In conservative Pakistan, a 35-year-old trans woman opens a shop at the Karachi market, one of the brand new markets in the area.
Jiya, who goes only by a single name has done a groundbreaking job of opening a public shop for women and trans women in a place where most tailoring shops are run predominantly by men.
Not many trans women venture out with their tailoring businesses in public for fear of discrimination. They prefer to run their own shops at home because of how they are treated in a country with many conservative Muslims.
The month of April marks the beginning of Ramadan, the Islamic holy month of fasting, and this is the time when people buy new clothes to celebrate Eid-el-Fitr which symbolizes the end of Ramadan. Jiya’s customers have voiced out how they are much more comfortable having their measurements and clothes done by a trans woman.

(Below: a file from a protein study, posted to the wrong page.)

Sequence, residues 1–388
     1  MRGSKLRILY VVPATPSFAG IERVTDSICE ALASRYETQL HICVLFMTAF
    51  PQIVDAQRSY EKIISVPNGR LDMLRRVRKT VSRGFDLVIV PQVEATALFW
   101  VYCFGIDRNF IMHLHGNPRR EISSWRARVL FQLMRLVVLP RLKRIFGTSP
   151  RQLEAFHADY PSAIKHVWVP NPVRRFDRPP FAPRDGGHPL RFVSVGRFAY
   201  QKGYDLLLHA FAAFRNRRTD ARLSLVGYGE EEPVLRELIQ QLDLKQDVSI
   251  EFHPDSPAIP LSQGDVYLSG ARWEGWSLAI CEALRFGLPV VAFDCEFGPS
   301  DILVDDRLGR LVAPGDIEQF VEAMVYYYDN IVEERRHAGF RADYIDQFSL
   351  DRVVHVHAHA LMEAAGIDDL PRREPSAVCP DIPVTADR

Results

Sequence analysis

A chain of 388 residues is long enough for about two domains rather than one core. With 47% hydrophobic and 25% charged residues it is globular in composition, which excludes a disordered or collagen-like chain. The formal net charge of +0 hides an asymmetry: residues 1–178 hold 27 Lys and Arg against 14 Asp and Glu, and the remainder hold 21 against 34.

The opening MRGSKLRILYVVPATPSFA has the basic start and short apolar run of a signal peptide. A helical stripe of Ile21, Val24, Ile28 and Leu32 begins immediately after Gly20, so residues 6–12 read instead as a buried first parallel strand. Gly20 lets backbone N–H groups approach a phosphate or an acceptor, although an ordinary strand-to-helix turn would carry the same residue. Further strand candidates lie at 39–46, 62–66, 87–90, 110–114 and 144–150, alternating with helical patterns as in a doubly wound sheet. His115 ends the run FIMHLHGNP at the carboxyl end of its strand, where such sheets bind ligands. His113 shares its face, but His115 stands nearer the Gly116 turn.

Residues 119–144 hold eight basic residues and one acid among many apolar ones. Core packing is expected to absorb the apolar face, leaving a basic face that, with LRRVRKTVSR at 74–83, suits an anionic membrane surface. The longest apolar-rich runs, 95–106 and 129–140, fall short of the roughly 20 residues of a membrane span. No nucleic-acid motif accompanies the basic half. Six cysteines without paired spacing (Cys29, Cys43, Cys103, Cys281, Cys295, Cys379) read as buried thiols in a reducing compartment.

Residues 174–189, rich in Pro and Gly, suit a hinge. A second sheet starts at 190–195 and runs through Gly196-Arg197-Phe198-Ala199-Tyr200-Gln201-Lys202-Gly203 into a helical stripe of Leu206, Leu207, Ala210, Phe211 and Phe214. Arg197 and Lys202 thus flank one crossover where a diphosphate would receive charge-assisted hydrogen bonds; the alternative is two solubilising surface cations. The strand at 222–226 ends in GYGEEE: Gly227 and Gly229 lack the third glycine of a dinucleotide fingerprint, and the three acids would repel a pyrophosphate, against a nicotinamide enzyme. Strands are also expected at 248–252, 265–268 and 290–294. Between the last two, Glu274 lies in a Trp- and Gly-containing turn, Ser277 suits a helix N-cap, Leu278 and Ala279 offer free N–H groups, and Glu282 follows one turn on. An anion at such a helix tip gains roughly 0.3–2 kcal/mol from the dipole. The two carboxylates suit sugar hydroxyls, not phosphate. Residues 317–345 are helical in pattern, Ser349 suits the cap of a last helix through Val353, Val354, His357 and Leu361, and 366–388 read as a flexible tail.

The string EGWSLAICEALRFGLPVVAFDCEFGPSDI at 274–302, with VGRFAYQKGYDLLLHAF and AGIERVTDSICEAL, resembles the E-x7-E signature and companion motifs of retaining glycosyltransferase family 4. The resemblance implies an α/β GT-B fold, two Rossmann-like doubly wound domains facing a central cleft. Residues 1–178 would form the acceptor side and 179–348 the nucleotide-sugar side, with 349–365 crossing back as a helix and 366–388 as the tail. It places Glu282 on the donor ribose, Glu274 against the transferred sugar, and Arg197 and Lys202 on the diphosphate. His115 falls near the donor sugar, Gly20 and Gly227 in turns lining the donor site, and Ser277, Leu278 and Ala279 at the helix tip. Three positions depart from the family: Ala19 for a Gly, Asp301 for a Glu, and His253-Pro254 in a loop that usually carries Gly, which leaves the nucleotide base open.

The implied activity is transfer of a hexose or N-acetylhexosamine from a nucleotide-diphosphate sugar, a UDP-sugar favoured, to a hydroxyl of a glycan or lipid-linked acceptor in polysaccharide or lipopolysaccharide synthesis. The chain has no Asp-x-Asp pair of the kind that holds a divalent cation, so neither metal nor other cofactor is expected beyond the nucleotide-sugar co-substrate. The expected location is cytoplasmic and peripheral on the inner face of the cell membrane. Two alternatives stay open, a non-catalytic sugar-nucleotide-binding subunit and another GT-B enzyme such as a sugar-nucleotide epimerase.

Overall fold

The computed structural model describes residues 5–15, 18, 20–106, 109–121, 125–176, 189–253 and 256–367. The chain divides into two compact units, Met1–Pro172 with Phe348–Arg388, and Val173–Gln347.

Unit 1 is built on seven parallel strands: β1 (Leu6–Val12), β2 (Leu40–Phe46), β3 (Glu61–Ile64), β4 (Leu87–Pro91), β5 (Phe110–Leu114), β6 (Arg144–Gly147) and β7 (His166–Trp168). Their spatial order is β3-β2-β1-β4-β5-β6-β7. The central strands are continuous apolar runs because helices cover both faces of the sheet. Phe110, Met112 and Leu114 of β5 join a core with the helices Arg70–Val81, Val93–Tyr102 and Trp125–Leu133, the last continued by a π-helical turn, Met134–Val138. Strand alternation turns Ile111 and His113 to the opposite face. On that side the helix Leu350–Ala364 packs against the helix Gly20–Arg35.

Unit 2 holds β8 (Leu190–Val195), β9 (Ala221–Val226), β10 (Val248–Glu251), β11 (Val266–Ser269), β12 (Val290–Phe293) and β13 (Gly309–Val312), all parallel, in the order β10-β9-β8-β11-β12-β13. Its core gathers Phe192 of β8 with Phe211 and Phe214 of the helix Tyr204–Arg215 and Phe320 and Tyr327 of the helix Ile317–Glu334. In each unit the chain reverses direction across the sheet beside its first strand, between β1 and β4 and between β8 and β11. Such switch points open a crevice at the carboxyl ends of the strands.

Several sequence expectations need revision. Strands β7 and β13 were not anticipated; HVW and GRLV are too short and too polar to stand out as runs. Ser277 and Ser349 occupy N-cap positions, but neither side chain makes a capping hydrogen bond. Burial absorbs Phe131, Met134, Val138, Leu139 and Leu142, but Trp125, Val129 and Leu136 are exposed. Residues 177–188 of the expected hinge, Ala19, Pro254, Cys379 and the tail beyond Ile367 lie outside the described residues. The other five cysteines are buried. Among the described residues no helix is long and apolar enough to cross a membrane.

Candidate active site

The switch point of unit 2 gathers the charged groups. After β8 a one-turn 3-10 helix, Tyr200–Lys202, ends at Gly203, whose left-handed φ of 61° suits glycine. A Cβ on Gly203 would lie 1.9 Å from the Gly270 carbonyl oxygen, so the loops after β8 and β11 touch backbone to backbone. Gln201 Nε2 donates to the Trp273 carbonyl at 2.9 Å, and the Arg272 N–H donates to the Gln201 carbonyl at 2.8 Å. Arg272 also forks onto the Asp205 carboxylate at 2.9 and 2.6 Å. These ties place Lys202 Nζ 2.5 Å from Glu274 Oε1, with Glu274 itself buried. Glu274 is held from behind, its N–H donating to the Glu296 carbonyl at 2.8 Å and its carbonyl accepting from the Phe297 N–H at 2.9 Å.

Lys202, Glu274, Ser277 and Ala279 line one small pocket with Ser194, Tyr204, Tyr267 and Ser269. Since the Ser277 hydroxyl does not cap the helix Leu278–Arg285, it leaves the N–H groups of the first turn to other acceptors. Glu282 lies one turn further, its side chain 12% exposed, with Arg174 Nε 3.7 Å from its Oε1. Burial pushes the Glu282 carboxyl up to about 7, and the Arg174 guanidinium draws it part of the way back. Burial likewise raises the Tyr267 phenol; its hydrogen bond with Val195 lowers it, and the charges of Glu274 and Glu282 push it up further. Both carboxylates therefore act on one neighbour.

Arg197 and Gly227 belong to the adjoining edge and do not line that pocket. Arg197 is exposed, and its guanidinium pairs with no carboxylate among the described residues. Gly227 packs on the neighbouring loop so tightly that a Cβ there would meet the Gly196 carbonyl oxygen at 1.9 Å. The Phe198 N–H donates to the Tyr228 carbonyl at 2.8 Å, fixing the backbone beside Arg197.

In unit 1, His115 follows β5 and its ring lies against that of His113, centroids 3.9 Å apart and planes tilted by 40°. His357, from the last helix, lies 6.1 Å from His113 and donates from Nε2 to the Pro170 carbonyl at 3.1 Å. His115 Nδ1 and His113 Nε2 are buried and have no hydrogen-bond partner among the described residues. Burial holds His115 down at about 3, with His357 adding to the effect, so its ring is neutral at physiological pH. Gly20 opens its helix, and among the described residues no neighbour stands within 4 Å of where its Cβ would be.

“I felt comfortable while she took my measurements,” customer Farzana Zahid said.
Jiya also said that she wants to expand her business and hopes that she can open a boutique with Eastern and Western designs and all other types of dresses.
One of the reasons why trans women have a hard time opening a shop at the public market is that many landlords are still reluctant to lease their space. Jiya wasn’t able to secure a spot at The Stitch Shop which was in the southern part of the city. But she was determined to find a space with two trans women who work alongside her. When they found a place, they opened the shop just in time for the start of Ramadan.
Though the third gender was recognized in Pakistan in 2018, many trans people are still discriminated. But, recognizing a third gender also means that they have been given fundamental rights such as the ability to vote and change their gender on official documents.